You can cut directly down from the top of the tin with a large tin cut, or you can drill a USB-sized hole on the side of the tin.
I\'m going to drill a hole.
First, put the USB port on the side of the tin.
Mark along the outside.
Drill two or more holes in that circle with a drill bit.
Archive and cut out the remaining space using Dremel.
Recommendations \"with the big clip hold down tin.
Holding it with your hand can make you lose one or two fingers.
Once the check is completed, make sure the USB port goes through your hole.
Make a hole for number 2
5mm female panel mount, just drill a hole.
You need to use Dremel to make it bigger. (
If you don\'t do something about solar, ignore 2.
Section 5mm is all together. )
One of the reasons I like to use this small charging controller is that it\'s hard to screw up.
There are 4 welding points on it.
In front of the Mini
The USB port is where we connect the DC power supply, in the solar field, the two points behind are the battery.
Let\'s connect 2 first.
5mm female plug for charging controller.
All we have to do is run two wires and a diode from the plug to the controller. (
You can also use your shrink tube in this section if you wish. )
Grab your 1N4001 diode, 2.
5mm plug and charge controller.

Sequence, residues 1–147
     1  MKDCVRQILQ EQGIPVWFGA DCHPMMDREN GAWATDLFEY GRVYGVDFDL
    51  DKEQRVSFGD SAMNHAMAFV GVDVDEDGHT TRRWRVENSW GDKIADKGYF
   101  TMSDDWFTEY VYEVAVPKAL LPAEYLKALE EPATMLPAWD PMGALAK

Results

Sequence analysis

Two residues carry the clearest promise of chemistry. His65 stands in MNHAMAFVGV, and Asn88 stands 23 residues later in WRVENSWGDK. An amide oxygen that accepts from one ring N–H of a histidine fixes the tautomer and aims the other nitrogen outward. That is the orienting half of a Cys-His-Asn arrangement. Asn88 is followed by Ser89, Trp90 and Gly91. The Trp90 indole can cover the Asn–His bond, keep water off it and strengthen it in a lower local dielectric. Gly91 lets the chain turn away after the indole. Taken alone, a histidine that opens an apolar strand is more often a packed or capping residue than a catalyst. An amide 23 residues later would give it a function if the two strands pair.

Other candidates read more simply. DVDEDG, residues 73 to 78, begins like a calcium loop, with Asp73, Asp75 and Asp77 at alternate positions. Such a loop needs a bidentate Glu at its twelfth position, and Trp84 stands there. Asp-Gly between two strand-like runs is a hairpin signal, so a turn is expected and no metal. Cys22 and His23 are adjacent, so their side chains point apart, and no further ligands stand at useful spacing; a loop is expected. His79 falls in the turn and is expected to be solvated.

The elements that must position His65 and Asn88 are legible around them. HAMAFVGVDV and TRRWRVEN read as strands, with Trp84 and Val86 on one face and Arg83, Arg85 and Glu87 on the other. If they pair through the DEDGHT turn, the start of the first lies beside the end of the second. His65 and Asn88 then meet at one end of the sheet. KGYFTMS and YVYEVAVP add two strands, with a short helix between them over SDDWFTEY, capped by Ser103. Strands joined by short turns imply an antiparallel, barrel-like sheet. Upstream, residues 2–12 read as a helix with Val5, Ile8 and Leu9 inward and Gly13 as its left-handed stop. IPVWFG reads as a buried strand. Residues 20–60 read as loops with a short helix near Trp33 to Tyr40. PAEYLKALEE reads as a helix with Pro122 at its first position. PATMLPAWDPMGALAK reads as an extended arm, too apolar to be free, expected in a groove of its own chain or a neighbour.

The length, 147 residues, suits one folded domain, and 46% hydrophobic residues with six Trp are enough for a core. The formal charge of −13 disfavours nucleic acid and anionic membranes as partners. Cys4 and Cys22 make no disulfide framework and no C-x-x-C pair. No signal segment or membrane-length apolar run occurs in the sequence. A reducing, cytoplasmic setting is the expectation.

Put the plug in front of you.
From left to right, these three spires are like this.
The left side is negative, the middle is positive, and the right side is not used.
Take a wire, wrap it around the negative leg of the plug, and the other end is in the negative \"in\" position on the board.
Welding and happy. (
You can cover the legs of the plug with some Shrink tube if you want. )
Now take a little more wire and wrap it around the leg of the diode with a strip on it.
Wrap around the bottom of the diode to make sure we can save as much space as possible.
The other end of the diode (
No side of the bar)
To the middle part of the plug.
Again, as close as possible to the bottom of the diode.
Finally, connect the wire to the positive \"in\" welding point on the board.
Welding and cheering. (
Again, you can use the Shrink tube to ensure the connection to the plug. )
From this point you only need to weld four extra points.
What we have to do is connect the battery and USB circuit to the charging controller board.
For this you need to cut off some wires.
Weld some wires to the positive and negative poles on the USB circuit.
They are on the lower side of the board.
Once completed, twist these wires together with the wires that fall off the lithium battery.
Make sure you connect positive wires with negative ones. (
Red is positive and black is negative in case you forget. )
Once the twist is complete, simply weld to the Battery Point on the back of the charging controller board.
I like to pass the wire through the hole before welding.
In fact, the electrical aspect of this project has been completed by 100%.
Take a deep breath and relax.
It\'s also a good idea to test your circuit at this point.
Everything is connected and should work.
Pick up the iPod or any USB device to see if it works (